Max Robertson

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For the English track and field athlete, see Max Robertson (athlete).

William Maxwell Robertson (28 August 1915 – 20 November 2009) was a sports commentator, radio and television presenter and author. He is best remembered for his forty years of tennis coverage on BBC Radio.

Life and career[edit]

Robertson was born in Dacca, Bengal to British parents. The family moved back to England when he was seven years old, he then attended Haileybury, the independent school. In 1935 he left Clare College, Cambridge, for an expedition to Papua New Guinea. Afterwards he spent a few years in Sydney, where he worked as a schoolmaster. In 1937 Robertson gained his first job in broadcasting with the Australian Broadcasting Corporation. The first main tennis event he covered was the final of the Australian Open between Vivian McGrath and Jack Bromwich.

Robertson returned to England in 1939 and spent the war years in the army. He joined the BBC in 1946, covering not only tennis but also athletics, swimming, skiing and even sports he had no genuine interest in, like motor racing.

His style of commentary was much livelier than what BBC listeners were used to in the pre-war years. It gained him enough popularity for BBC staff to give him other assignments. In 1953 Robertson became the first regular host of the television series Panorama, which was not originally the heavyweight current affairs programme it became. He was also a commentator at major news events like the funeral of King George VI in 1952 and the coronation of Queen Elizabeth II a year later. From 1965 to 1977 he presented the television programme about antiques Going for a Song.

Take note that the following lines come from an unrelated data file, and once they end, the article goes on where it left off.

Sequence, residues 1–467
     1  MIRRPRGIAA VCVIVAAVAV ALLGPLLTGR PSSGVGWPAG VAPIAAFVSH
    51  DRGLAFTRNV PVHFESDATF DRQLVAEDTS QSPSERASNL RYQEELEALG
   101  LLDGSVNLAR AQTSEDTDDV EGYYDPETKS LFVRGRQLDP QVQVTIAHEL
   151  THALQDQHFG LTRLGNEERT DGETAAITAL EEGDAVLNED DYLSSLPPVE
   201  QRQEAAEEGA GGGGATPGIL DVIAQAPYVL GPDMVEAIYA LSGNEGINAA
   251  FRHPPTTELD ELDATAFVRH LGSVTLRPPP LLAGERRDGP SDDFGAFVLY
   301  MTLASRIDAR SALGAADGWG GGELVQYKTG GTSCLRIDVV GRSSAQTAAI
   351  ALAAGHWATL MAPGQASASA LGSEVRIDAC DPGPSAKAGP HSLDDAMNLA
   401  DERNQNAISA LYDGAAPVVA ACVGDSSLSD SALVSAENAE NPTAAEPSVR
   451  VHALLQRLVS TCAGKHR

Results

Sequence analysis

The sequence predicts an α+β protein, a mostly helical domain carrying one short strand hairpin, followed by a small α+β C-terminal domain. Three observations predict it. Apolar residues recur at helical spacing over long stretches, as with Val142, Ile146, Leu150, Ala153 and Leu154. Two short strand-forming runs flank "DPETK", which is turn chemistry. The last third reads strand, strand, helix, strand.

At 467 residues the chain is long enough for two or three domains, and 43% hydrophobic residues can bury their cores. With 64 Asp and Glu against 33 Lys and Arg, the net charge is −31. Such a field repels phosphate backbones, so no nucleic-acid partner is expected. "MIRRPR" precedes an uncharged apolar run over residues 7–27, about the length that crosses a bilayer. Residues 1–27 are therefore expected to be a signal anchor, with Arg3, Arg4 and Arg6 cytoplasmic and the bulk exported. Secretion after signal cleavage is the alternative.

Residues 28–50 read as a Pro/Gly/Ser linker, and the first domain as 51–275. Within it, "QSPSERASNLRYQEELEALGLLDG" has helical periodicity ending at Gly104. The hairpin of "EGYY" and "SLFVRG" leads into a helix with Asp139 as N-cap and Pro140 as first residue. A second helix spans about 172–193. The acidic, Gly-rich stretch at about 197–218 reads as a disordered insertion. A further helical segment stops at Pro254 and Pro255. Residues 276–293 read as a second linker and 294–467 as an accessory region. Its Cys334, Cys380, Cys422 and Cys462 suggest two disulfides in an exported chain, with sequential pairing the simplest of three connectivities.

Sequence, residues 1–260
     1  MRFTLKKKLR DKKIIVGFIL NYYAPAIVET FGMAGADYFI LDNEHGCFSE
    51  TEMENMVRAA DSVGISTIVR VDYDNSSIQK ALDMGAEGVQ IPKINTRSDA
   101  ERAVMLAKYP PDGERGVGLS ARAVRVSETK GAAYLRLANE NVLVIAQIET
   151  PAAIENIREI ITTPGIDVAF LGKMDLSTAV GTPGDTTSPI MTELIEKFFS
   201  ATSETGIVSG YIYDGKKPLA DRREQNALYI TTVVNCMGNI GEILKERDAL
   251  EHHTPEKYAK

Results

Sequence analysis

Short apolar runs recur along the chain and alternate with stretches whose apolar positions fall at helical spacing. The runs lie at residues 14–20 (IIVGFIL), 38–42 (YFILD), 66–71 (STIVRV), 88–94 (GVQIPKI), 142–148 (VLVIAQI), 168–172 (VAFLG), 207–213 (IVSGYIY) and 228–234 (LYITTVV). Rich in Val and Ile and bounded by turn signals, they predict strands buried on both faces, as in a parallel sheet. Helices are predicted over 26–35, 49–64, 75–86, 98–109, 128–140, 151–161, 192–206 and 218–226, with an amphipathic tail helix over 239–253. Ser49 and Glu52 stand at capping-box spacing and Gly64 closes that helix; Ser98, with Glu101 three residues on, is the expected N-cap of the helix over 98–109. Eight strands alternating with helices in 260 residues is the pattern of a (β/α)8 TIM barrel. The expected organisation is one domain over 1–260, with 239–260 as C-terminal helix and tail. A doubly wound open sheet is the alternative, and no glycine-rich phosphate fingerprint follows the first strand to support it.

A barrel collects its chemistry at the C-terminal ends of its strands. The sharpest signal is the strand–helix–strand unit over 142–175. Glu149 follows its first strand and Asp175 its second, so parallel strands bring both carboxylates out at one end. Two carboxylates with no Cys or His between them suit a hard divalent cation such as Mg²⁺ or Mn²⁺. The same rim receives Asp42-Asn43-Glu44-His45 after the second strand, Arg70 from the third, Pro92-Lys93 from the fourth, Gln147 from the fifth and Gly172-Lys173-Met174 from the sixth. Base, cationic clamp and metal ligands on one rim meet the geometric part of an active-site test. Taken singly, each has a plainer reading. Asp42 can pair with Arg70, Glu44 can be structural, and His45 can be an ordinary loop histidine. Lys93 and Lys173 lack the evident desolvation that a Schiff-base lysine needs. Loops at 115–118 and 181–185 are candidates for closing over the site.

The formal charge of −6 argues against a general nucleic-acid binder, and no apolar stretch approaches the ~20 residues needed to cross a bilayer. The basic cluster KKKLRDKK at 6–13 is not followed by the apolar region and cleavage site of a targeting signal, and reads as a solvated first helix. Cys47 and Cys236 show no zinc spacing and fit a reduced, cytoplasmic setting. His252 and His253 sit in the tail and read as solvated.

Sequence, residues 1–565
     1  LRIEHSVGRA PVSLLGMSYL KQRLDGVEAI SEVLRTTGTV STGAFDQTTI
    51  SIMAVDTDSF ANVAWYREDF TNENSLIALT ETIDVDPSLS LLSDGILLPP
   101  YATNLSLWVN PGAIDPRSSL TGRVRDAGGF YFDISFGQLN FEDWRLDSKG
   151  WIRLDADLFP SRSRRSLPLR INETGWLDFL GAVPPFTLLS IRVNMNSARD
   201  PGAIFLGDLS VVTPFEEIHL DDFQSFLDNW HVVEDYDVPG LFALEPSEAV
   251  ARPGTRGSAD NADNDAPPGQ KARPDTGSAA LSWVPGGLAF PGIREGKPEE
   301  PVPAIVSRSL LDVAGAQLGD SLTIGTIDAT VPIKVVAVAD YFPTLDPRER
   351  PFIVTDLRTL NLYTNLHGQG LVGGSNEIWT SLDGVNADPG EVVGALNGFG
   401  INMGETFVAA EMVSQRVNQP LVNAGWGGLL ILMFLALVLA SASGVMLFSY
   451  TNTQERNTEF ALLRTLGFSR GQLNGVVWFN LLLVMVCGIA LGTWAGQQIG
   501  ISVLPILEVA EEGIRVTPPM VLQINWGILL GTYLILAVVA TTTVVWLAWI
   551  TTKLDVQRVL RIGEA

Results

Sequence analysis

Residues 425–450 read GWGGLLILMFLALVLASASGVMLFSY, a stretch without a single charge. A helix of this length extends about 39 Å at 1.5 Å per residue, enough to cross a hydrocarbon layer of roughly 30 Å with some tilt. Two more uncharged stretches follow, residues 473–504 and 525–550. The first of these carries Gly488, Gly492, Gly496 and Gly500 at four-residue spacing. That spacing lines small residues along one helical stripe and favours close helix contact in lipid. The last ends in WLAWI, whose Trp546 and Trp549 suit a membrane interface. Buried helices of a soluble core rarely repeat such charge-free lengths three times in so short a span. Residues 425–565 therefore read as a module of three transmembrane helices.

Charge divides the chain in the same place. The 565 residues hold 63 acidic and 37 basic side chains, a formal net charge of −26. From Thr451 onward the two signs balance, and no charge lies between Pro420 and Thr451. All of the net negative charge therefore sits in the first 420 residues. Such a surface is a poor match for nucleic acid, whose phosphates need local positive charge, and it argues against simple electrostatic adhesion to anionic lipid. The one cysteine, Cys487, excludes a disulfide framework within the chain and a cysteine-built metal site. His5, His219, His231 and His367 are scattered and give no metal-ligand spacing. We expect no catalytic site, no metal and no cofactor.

During his long career Robertson made the occasional blooper. In the early 1980s he was watching a men's doubles match at Wimbledon, and was so impressed by the play of Peter Fleming and John McEnroe that he asked, "Who are they going to play in the final? Do we know yet?", to which his astonished colleague replied, "This is the final..."

Robertson also wrote a number of books, mainly about sports and antiques, his best known work probably being Wimbledon 1877-1977. He retired in 1986 after describing Boris Becker's second Wimbledon victory: "Beckermania forever! Becker the Boy King last year, now King Emperor...".

Robertson lived in Guernsey during the latter years of his life. Both his marriages ended in divorce. He had two sons by his first wife, Australian Nancy Suttor. He had a son and daughter by his second wife, children's author and creator of the Wombles, Elisabeth Beresford; they were married from 1949 until 1984.[1] He died aged 94 in Guernsey.[2]

References[edit]

  1. ^ Childs, M. (2011): Elisabeth Beresford: Children's author who created the Wombles The Independent (3 January 2011). Retrieved on 27 November 2011.
  2. ^ "Veteran broadcaster dies aged 94", BBC News, 20 November 2009

External links[edit]